A few people asked me recently how I created my Startrail image which is below. It's easier than you think and all you really need is some time and a sturdy tripod. Scroll down to see my workflow and how to process the images together.
First your going to need to find Polaris assuming you are in the northern hemisphere. First, find the Big Dipper, and then from the end of the scoop, follow an imaginary line away from the dipper, not parallel to it and about a palms width and you'll find a fairly bright star. That is the North Star commonly known as Polaris. Now, if your in the Southern Hemisphere you'll need to find Ocatans which is between the Magellanic Clouds and the Carina Nebula. (below)
Once you have found the pole in your hemisphere you need to set your tripod up and make a few test exposures to see what is best for the lighting conditions your in. What usually works for me if I'm in a very dark location and the moon isn't up is: 100 seconds, ISO 400, and f5 or so. If the moon is up and there is some light pollution you will want to do shorter exposures. For example ISO800, f4, and 40 seconds.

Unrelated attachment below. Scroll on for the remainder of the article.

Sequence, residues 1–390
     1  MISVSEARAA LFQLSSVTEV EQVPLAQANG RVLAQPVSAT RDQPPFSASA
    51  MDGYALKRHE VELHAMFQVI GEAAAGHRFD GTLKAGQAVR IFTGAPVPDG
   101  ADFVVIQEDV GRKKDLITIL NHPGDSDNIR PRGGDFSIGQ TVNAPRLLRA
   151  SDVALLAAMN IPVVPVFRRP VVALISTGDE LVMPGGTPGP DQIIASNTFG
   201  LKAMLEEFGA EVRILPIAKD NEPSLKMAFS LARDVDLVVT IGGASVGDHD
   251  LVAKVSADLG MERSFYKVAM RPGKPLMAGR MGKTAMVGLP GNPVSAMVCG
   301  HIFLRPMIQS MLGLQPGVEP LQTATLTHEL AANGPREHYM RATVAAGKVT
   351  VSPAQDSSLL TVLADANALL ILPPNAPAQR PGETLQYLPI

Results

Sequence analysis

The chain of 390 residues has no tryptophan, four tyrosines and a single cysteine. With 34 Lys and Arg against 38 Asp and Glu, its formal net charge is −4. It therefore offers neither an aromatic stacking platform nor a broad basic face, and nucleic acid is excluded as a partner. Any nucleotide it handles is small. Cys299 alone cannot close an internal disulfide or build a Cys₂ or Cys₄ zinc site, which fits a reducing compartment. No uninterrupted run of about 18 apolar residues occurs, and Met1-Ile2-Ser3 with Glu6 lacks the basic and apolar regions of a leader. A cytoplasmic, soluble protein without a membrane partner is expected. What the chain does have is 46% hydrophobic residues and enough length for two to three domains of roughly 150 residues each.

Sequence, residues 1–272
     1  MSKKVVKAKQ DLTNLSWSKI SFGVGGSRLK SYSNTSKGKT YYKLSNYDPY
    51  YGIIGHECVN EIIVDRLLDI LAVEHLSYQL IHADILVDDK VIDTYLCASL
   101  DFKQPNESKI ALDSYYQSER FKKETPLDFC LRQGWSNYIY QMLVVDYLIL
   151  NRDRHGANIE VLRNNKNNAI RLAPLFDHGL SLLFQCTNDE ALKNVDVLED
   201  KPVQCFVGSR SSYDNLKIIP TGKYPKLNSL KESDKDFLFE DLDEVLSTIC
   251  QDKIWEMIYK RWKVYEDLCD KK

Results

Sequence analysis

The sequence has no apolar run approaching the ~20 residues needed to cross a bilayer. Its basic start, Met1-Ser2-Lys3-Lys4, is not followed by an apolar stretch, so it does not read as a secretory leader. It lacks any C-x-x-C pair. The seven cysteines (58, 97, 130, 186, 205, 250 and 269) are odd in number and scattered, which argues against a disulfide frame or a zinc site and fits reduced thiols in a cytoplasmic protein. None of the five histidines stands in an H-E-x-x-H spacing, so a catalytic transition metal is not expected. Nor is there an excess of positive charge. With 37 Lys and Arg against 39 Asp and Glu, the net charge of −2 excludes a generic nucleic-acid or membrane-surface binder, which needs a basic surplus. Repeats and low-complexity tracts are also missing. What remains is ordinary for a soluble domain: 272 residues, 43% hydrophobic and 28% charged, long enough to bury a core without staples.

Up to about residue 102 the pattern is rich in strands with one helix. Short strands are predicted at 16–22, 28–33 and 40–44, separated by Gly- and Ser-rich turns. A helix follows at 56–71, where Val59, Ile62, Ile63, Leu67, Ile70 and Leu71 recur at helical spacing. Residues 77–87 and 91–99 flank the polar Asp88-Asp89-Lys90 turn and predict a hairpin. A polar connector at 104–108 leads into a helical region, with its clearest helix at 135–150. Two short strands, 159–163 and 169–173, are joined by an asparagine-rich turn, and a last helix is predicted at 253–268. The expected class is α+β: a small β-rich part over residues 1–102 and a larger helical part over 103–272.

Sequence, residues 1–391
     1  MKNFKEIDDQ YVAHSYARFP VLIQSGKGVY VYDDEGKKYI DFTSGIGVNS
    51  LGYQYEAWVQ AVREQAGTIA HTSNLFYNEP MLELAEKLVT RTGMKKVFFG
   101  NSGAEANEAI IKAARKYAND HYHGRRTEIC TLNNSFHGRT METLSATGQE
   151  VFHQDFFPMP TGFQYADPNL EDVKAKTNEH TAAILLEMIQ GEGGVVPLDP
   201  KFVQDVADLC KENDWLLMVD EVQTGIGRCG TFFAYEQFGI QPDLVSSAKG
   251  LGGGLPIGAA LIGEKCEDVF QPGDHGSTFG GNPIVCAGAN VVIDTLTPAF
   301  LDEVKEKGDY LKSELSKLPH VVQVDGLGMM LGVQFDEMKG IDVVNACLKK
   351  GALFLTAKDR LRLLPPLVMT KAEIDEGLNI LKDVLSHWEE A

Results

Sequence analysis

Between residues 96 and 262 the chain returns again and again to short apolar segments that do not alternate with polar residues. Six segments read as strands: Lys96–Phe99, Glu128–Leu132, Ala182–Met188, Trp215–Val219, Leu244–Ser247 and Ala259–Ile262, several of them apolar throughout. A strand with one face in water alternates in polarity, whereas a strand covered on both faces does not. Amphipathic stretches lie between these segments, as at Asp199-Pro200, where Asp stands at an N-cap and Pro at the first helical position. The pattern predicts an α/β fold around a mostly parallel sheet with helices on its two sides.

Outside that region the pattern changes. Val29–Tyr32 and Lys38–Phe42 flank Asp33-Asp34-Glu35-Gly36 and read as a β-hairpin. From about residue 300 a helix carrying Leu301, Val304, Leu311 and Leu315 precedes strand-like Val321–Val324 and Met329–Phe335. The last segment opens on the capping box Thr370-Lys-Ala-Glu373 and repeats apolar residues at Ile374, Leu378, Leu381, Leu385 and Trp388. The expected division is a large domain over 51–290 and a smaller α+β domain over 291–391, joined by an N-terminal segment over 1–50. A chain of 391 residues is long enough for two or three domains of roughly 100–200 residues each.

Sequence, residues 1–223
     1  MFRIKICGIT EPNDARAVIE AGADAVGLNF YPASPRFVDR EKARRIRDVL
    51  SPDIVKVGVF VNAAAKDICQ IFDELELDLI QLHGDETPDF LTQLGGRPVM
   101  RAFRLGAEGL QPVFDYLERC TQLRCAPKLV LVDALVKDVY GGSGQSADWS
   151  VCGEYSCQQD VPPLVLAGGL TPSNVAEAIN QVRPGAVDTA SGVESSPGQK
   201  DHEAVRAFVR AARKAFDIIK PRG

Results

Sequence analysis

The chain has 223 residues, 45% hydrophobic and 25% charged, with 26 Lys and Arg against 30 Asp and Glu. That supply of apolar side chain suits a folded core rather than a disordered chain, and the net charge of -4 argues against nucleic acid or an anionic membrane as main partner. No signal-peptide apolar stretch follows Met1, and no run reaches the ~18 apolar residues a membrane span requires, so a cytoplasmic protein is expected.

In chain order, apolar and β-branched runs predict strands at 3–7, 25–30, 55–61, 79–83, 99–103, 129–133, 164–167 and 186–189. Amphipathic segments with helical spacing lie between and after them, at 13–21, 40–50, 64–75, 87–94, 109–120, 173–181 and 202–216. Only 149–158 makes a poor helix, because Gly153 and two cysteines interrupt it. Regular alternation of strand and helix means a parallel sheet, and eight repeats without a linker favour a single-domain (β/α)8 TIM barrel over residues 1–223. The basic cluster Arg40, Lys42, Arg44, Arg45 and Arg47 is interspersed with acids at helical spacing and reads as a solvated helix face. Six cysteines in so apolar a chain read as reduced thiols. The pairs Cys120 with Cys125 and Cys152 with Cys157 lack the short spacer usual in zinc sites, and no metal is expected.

Once you've made some test shots and everything is looking properly exposed lock down your tripod so it doesn't move at all for the next couple hours. Set your camera on timer mode and take at least 100 pictures at the settings mentioned above. Once it starts don't touch it and don't interrupt it or you will have gaps in your trails.
Now that you've got the images captured your probably wondering what to do with all these fragmented pieces. A free program called StarStaX works wonders but you can process them together just as well in Photoshop.
You'll need to set the either program to the "Lighten" blend mode and then start opening each file and adding it to your stack. Every time a file is added your trails should grow by the smallest amount. After adding up so many images you get the effect of the whole sky blurring together as it rotates.
After you have the effect you want you'll need to flatten your images together into one single file so that it can be shared, printed or worked on again in another program. I usually play with the curves and color balance in Lightroom or photoshop to get the effect I want. Now wasn't that easier than you thought?
Any questions please comment below and share if you found this helpful. Later this summer I will be offering Astrophotography classes around Northern Arizona so if you are interested contact me above as the limited space will go fast.